Washington, 17 May 2004 (RFE/RL) -- The U.S. State Department today released a report on the United States' efforts to promote human rights and democracy across the world that paints mixed results in advancing freedoms.
The release of the Congressionally mandated report was delayed for several days over fears that the document would be overshadowed by the Iraqi prisoners abuse scandal.
The report cites the peaceful change of government in Georgia as a democratic success story.
Deputy Secretary of State Richard Armitage told reporters in Washington, "The people of Georgia ultimately prevailed in their peaceful desire for democracy and because of our solid diplomacy, they see America as a friend in that endeavor."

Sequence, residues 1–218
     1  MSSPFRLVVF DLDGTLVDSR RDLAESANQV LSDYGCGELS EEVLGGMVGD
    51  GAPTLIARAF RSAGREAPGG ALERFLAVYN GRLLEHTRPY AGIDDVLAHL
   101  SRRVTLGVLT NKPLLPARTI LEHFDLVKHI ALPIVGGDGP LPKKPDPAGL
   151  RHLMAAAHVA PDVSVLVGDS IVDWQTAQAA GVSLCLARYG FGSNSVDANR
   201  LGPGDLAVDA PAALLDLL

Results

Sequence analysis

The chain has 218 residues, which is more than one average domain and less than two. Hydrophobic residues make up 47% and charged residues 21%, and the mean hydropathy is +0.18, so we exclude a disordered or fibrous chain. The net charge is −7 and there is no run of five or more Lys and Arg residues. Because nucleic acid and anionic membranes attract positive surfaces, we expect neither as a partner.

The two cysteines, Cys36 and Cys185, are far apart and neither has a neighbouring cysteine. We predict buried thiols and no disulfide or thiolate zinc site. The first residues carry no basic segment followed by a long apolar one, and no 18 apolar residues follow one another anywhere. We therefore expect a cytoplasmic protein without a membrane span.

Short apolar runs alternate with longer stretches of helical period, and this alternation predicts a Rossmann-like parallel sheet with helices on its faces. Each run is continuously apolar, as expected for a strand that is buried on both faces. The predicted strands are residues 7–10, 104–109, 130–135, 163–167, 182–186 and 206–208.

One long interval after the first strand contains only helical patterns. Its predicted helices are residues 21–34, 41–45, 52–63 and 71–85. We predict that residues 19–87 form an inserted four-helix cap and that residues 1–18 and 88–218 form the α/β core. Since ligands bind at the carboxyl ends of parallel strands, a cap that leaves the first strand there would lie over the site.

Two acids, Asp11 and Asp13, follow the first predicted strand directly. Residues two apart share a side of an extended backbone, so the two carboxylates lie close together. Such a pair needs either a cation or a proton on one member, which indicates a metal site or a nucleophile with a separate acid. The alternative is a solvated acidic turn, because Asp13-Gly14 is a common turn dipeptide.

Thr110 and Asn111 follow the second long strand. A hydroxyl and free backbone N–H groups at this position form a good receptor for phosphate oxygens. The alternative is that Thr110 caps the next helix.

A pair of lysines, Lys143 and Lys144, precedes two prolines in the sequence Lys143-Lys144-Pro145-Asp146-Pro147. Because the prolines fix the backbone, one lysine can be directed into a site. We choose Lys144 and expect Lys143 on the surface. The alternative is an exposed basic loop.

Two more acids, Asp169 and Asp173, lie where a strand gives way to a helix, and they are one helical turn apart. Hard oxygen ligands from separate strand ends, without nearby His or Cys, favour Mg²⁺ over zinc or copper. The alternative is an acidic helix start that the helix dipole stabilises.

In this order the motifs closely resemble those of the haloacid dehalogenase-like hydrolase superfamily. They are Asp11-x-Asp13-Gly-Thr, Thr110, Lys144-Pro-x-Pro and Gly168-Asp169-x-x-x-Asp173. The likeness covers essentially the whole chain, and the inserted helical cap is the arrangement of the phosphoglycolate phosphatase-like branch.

The report says Azerbaijan's flawed presidential election led to violence, as protests were suppressed by the authorities who then used the excesses of some demonstrators as a pretext for a wave of politically motivated arrests.
Elsewhere, the report says, there were elections or constitutional referendums marred by procedural and substantive irregularities that violated democratic norms, including in Armenia, Kazakhstan, Kyrgyzstan, and Tajikistan.
In Russia, the report says there were significant flaws and misuse of state-controlled media in the run-up to the Duma elections, as well as Chechnya's presidential election.
The U.S. State Department's "Supporting Human Rights and Democracy: The U. S. Record 2003-2004" report is available on the Internet here: http://www.state.gov/g/drl/rls/shrd/2003/